Google to play the long game, will start playing nice with Microsoft Office
Its upcoming enterprise messaging app will likely also work with the Office suite.
What you need to know
- Google's Cloud division will reportedly start playing nicer with Microsoft Office.
- As per a new report, it hopes to entice customers into the G Suite ecosystem on a piecemeal basis, instead of signing contracts that move an organization's entire pipeline over.
- The Slack competitor it's working on will also integrate with Microsoft Office better.
Google's hired Microsoft's former head of strategy to lead up its own G Suite wing, and it's starting to show in how the Mountain View giant looks at its competitors in the productivity space.
Much like Microsoft's own shift to a more platform-agnostic, we'll-work-with-everyone attitude following Satya Nadella's taking of the helm, former Microsoftie Javier Soltero is pushing G Suite to play nice with its competitors, namely Microsoft Office.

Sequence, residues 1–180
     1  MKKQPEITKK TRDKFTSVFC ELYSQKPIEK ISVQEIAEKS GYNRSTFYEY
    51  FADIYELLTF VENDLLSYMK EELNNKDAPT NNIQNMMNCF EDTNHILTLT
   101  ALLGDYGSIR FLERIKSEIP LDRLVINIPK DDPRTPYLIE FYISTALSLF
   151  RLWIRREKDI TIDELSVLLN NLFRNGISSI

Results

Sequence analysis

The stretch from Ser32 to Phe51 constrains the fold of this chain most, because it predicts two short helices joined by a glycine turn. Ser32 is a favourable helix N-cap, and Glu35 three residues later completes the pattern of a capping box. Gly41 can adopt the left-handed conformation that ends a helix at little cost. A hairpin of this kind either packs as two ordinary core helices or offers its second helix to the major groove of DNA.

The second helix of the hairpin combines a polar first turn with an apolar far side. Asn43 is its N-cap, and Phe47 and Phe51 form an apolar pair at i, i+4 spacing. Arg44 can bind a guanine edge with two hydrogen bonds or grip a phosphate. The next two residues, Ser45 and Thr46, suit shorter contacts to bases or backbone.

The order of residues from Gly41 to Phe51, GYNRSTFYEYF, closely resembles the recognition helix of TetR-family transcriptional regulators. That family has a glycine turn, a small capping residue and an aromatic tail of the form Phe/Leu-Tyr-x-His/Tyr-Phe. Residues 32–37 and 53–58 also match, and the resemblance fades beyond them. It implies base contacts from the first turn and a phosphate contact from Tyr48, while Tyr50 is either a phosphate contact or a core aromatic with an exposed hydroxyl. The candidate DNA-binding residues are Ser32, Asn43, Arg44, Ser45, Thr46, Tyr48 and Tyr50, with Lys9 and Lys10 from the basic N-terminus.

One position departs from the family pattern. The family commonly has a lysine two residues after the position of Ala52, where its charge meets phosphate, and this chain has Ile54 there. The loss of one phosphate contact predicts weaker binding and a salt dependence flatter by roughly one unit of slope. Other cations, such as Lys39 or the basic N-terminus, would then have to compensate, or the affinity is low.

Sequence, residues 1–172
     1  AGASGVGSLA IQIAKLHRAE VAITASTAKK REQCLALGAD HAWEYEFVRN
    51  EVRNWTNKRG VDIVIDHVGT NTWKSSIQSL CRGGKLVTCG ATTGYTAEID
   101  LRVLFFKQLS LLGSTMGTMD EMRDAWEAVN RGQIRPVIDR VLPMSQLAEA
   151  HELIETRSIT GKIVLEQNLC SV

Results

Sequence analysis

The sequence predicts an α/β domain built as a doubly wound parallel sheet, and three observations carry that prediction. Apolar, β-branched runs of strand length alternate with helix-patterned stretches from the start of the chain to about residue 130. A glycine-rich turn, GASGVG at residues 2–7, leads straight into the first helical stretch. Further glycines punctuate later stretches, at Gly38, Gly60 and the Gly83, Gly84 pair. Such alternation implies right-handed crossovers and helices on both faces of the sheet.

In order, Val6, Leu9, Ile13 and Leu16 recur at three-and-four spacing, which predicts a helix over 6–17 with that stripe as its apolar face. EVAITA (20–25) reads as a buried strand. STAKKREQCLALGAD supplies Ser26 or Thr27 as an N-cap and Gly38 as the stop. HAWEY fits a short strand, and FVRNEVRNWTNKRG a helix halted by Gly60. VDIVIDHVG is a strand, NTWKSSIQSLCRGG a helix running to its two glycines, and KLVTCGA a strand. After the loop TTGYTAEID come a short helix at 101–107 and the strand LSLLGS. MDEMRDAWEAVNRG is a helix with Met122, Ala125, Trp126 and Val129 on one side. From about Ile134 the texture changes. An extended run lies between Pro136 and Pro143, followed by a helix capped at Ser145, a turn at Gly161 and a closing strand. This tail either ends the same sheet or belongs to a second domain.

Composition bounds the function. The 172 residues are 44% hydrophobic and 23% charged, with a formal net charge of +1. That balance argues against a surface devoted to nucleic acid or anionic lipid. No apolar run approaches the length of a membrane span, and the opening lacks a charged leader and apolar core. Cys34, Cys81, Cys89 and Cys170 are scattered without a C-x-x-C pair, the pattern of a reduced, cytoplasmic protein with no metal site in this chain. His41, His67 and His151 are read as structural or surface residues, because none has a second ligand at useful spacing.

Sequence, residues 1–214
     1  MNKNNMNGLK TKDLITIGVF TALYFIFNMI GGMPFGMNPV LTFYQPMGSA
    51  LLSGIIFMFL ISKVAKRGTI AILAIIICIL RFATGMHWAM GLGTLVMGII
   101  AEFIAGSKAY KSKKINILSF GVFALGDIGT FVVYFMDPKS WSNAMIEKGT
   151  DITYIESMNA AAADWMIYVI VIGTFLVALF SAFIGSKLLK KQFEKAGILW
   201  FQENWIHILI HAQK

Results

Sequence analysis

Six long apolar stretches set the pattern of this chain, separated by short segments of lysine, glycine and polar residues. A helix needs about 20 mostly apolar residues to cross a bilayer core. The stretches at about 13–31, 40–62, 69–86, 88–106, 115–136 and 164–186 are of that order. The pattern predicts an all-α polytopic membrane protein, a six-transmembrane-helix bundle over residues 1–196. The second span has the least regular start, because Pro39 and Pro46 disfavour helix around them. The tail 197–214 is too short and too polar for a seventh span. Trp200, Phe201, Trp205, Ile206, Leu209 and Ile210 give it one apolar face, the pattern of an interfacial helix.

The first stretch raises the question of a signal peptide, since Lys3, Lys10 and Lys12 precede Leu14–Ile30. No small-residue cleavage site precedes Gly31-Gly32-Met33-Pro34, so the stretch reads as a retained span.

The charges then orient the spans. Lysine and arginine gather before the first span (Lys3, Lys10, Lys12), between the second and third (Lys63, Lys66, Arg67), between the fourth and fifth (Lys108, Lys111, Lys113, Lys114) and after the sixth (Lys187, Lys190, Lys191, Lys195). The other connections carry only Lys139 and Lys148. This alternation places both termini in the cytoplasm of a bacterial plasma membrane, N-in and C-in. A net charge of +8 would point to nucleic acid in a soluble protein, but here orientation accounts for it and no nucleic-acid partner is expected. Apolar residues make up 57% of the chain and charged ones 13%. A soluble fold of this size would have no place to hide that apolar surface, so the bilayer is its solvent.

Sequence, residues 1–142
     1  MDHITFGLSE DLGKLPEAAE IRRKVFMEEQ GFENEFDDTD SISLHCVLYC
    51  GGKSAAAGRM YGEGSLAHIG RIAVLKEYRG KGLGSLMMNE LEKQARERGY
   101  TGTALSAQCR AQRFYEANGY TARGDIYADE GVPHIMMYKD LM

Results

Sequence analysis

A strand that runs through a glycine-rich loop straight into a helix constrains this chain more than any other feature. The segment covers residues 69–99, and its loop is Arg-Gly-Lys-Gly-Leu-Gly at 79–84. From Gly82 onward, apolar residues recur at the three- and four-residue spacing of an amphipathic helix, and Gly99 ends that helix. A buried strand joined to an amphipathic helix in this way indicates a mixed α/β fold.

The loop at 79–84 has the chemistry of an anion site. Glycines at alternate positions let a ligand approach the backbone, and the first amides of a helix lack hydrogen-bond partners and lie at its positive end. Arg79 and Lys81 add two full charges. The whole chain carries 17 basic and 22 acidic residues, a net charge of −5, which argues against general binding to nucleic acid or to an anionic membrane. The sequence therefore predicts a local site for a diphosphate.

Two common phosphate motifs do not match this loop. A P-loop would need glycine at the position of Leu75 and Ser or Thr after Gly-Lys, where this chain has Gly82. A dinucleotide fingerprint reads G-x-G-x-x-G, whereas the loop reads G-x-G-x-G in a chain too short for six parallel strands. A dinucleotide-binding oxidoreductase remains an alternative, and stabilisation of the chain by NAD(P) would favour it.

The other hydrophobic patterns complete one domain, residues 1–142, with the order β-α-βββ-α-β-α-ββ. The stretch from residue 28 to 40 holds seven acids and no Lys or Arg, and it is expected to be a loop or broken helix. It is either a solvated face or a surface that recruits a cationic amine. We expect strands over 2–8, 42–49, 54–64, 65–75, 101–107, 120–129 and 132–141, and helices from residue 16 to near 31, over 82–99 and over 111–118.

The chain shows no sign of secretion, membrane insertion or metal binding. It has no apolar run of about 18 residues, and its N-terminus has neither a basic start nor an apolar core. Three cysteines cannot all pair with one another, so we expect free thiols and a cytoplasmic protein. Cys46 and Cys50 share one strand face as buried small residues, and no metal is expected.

As a result of the change in strategy, Google will now start allowing organizations to move over to G Suite at a departmental level, instead of signing giant contracts that require the organization's entire pipeline to make the switch. In addition, G Suite will now be marketed as something that co-exists alongside Microsoft's software, instead of something that necessarily supersedes it.
The hope, taken right out of Nadella's new playbook for Microsoft, is that doing so will allow customers to become used to G Suite gradually, and help make the transition from the Office suite less daunting.
As evidence of this slow-burn strategy, Business Insider's sources claim the new messaging app under the wraps at Google's offices will integrate well with Microsoft's apps like Word, Excel, and so on, much like Slack or the Redmond giant's own Teams.
And it's not just Microsoft that's the beneficiary of this go-along-to-get-along revolution at Google Cloud. G Suite will also feature integrations with other services like Slack and Cisco WebEx in pursuit of this "Trojan horse" strategy, which Google hopes will yield much greater returns in the long run.
Open-source with a hint of exclusivity is, after all, how Google's been able to subdue Microsoft in both mobile and web technologies. So, why not try it in the enterprise, too?
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